Jun 22, 2021 - Politics & Policy

Study: Risk of sexual assault for Army women is highest at Fort Hood

Troops wait aboard personnel carriers to take them toward the city from the Joint Force Headquarters of the D.C. National Guard on June 2, 2020 in Washington, DC.

Photo: Drew Angerer/Getty Images

Women at the Fort Hood base in Texas face a nearly one-third higher risk of experiencing sexual assault than the average for the Army, according to a report by the federally-funded RAND Arroyo Center.

The big picture: The research found that the risk varied widely for female soldiers in particular across various bases, commands and career fields. But four bases — Fort Hood, Fort Riley, Fort Campbell and Fort Carson — accounted for about a third of active-duty Army women who were sexually assaulted in 2018.

  • Zoom in: The sexual assault risk to women at Fort hood — where an Army specialist who reported being sexually harassed by a supervisor was killed last year — in 2018 was 8.4%, compared with 5.8% for all women Army-wide.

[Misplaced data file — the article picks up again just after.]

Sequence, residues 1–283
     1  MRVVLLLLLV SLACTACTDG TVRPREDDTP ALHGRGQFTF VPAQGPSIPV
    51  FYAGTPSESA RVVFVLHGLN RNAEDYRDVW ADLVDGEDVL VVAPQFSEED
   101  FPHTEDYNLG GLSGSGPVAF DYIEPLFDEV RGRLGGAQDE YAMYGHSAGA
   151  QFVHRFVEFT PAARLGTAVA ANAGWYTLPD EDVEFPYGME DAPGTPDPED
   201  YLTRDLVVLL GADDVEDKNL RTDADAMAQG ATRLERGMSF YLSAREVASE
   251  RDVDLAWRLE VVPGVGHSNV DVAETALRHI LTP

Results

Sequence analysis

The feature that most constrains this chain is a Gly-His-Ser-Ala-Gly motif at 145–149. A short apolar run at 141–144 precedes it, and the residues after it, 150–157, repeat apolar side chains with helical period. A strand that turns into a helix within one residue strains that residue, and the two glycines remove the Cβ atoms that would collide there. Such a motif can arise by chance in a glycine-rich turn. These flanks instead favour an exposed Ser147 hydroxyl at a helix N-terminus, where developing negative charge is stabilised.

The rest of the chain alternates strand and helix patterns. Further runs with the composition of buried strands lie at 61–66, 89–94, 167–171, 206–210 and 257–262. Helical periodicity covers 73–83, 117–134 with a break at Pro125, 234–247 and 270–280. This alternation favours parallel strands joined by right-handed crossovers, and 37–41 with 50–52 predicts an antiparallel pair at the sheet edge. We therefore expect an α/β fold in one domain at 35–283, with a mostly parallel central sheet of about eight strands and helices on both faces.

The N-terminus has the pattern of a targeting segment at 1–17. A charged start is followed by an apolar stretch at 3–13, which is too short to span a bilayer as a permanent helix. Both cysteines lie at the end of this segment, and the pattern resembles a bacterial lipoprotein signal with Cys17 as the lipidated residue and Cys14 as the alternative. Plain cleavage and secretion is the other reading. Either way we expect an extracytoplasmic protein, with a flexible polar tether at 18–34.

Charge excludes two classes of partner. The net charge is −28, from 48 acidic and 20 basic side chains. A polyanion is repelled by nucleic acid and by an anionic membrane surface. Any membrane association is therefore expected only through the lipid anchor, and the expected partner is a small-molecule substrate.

• One in 12, or some 494 of the 5,883 women who served at Fort Hood, were sexually assaulted in 2018, the year the study was conducted. A review in December revealed systematic issues at Fort Hood, and the Army later reprimanded or suspended several leaders there.

Why it matters: The findings come as Congress continues to address how to confront the issue. Bipartisan legislation that would reform procedures for how the military handles sexual assaults has stalled in the Senate, despite having the backing of the body's majority.

Researchers also found that younger age was linked to a higher risk for sexual assault for both men and women. There was also a correlation between sexual assault risk and lower education levels and junior ranking.

  • Those in medical or personnel fields face the lowest risk, per the study, while women in field artillery positions face the highest.

What they're saying: The findings “suggests there are location-specific concerns that require targeted interventions into climate and culture and will require additional research to understand,” Dr. Jenna Newmen, a social science adviser and the Army’s project lead for the study, said in a news release.

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